Syngas production by integrating thermal conversion processes in an existing biorefinery
2014 (English)Licentiate thesis, comprehensive summary (Other academic)
The use of carbon from fossil-based resources result in changes in the earth’s climate due to emissions of greenhouse gases. Biomass is the only renewable source of carbon that may be converted to transportation fuels and chemicals, markets now fully dominated by traditional oil supply. The biorefinery concept for upgrading and refinement of biomass feedstocks to value-added end-products has the potential to mitigate greenhouse gas emissions and replace fossil products. Most biorefineries use biochemical conversion processes and may have by-product streams suitable as feedstocks for thermal conversion and production of syngas. Further synthesis to value-added products from the syngas could increase the product output from the biorefinery.
The application of thermal conversion processes integrated into an existing biorefinery concept has been evaluated in this licentiate thesis work. Two by-product streams; hydrolysis (lignin) residue from an ethanol plant and biogas from wastewater treatment, have been investigated as gasification/reforming feedstocks. Also, the pre-treatment method torrefaction has been evaluated for improved gasification fuel characteristics and integration aspects. A new process and system concept (Bio2Fuels) with potential carbon negative benefits has been suggested and evaluated as an alternative route for syngas production by separating biomass into a hydrogen rich gas and a carbon rich char product.
The evaluation demonstrated that hydrolysis residue proved a suitable feedstock for gasification with respect to syngas composition. Biogas can be further reformed to syngas by combined biomass gasification and methane reforming, with promising results on CH4 conversion rate and increased H2/CO ratio at temperatures ≥1000°C. The pre-treatment method torrefaction was demonstrated to improve fuel qualities and may thus significantly facilitate entrained flow gasification of biomass residue streams. Also, integration of a torrefaction plant at a biorefinery site could make use of excess heat for drying the raw material before torrefaction. The Bio2Fuels concept was evaluated and found feasible for further studies.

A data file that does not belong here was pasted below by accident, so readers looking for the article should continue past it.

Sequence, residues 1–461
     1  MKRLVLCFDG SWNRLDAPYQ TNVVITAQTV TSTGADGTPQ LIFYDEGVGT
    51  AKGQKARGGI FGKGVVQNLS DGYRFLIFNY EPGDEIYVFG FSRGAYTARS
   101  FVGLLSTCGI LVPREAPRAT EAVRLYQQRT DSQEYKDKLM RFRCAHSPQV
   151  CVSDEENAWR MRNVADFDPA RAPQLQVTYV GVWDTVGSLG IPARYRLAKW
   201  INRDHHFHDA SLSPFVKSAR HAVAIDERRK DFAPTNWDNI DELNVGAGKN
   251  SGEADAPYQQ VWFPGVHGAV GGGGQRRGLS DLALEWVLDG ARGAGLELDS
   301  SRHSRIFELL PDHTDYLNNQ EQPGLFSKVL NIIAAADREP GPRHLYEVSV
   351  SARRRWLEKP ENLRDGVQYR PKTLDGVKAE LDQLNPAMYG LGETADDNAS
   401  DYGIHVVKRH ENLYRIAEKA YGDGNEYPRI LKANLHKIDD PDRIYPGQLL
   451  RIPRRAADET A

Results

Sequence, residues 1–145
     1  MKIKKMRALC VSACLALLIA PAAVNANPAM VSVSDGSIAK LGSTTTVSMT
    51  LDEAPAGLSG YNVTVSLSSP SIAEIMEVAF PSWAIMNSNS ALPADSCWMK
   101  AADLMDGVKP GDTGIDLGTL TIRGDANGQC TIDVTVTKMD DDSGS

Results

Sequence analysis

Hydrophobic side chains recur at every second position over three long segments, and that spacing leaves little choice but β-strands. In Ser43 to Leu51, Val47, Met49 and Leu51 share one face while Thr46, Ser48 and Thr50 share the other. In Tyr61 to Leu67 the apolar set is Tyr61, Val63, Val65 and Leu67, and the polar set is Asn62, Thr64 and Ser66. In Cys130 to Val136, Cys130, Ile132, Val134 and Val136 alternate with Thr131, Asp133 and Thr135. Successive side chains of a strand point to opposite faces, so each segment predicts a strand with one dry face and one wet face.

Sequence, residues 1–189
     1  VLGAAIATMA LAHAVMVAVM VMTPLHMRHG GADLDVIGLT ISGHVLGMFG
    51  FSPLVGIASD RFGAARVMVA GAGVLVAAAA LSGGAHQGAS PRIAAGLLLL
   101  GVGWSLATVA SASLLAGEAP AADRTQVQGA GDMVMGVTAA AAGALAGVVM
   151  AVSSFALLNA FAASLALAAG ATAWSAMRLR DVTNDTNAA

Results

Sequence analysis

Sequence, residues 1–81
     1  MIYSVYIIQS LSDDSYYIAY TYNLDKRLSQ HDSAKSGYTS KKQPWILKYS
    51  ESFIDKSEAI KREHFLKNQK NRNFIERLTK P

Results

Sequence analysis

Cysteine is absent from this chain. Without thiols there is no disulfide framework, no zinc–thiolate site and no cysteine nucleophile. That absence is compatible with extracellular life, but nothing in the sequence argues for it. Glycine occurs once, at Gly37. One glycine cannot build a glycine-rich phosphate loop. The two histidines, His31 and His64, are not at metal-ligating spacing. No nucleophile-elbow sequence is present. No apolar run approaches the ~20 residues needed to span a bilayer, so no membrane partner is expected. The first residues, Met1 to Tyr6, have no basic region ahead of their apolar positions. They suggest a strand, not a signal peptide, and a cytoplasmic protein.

The application of thermal conversion processes into an existing biorefinery, making use of by-products and biomass residues as feedstocks, has significant potential for energy integration, increased product output as well as for climate change mitigation.
Place, publisher, year, edition, pages
Umeå: Umeå Universitet , 2014. , 27 p.
biorefinery, biofuels, syngas, gasification, torrefaction, methane reforming, H2/CO ratio, system analysis, CO2 negativity
Chemical Process Engineering
IdentifiersURN: urn:nbn:se:umu:diva-92860ISBN: 978-91-7601-101-0OAI: oai:DiVA.org:umu-92860DiVA: diva2:744519
2014-09-05, N460, Naturvetarhuset, Umeå Universitet, Umeå, 13:00 (Swedish)
Nordin, Anders, Professor
List of papers